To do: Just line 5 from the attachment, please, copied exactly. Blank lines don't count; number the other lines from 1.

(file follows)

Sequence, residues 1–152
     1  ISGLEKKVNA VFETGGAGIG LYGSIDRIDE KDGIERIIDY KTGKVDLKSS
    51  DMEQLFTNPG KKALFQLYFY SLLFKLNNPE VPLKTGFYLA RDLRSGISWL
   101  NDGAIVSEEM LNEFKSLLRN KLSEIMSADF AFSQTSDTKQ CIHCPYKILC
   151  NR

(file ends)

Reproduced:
   151  NR